March 19, 2018 / 6:37 AM / 8 months ago

Vitol, Carlyle to list oil downstream venture Varo in Amsterdam

FILE PHOTO: A sign is pictured in front of the Vitol Group trading commodities company building in Geneva October 4, 2011. REUTERS/Denis Balibouse/File Photo

LONDON (Reuters) - Oil trader Vitol and private equity giant Carlyle will list their European downstream venture Varo Energy in Amsterdam this year, looking to raise funds to expand while luring investors with a hefty dividend pledge.

Varo, in which Carlyle, Vitol and Dutch firm Reggeborgh Invest each have 33.3 percent stakes, said in a statement on Monday that the three shareholders will sell a combined 30-40 percent of existing shares on Euronext on a pro-rata basis.

Varo, which saw underlying earnings rise to $371 million last year from $328 million in 2016, didn’t say how much it hoped to raise in the initial public offering. Banking sources have said the firm could be valued at 2 billion euros ($2.5 billion).

The company, which owns two refineries in Switzerland and Germany, and storage, blending and distribution assets in those two countries plus Benelux and France, said it intends to pay out a dividend of 30-50 percent of its profit after tax.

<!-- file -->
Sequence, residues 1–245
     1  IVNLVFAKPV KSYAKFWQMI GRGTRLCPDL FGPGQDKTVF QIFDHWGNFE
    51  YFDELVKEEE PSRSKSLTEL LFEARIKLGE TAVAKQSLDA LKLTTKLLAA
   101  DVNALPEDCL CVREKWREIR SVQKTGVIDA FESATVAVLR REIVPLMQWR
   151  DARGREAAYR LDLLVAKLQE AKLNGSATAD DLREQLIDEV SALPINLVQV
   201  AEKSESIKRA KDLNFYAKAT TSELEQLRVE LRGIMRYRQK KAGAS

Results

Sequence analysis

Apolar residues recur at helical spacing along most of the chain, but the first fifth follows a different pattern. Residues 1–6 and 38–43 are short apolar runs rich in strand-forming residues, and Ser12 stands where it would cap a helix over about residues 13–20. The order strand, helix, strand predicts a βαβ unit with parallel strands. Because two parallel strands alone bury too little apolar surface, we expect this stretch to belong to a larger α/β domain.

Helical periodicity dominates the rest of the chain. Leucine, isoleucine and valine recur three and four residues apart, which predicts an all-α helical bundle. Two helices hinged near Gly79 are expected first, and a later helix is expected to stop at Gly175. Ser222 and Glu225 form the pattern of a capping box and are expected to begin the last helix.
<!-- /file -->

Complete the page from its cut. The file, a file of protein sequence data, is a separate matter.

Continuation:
“We are convinced of the continued demand for fuels, including renewable fuels by our customers and believe we are well positioned to meet this demand. We are ready for the next stage of Varo’s development and growth,” Chief Executive Roger Brown said in a statement.

Varo said it aimed to achieve over the medium term high single-digit growth in underlying earnings, primarily through organic growth and maintain a return on capital (ROACE) of more than 15 percent.

Besides paying 30-50 percent of profit to the shareholders, the firms wants to invest 30–50 percent of its free cashflow in organic and inorganic growth and use 20 percent of its free cashflow to meet its debt service requirements.

The company had revenues of $13.4 billion in 2017, up from $10.5 billion in 2016 and a net debt to earnings ratio of 0.6 times at the end of 2017.

It controls the two refineries with a total processing capacity of 165,000 barrels per day, a bitumen plant, 144 fuel distribution outlets, 232 retail outlets and 12 river bunker stations.

Writing by Dmitry Zhdannikov; Editing by Susan Fenton

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